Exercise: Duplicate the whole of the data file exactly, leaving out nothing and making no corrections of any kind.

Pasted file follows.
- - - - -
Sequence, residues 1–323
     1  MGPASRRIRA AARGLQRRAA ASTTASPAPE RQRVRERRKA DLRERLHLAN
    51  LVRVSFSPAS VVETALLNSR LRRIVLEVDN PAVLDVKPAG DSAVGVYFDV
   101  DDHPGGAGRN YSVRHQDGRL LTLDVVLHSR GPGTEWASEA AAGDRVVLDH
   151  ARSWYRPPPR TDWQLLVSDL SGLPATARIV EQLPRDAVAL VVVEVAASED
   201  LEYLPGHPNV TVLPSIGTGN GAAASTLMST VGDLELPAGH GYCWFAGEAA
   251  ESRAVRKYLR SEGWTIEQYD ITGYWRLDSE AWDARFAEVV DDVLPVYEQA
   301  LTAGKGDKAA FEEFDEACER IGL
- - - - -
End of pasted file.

Sequence, residues 1–323
     1  MGPASRRIRA AARGLQRRAA ASTTASPAPE RQRVRERRKA DLRERLHLAN
    51  LVRVSFSPAS VVETALLNSR LRRIVLEVDN PAVLDVKPAG DSAVGVYFDV
   101  DDHPGGAGRN YSVRHQDGRL LTLDVVLHSR GPGTEWASEA AAGDRVVLDH
   151  ARSWYRPPPR TDWQLLVSDL SGLPATARIV EQLPRDAVAL VVVEVAASED
   201  LEYLPGHPNV TVLPSIGTGN GAAASTLMST VGDLELPAGH GYCWFAGEAA
   251  ESRAVRKYLR SEGWTIEQYD ITGYWRLDSE AWDARFAEVV DDVLPVYEQA
   301  LTAGKGDKAA FEEFDEACER IGL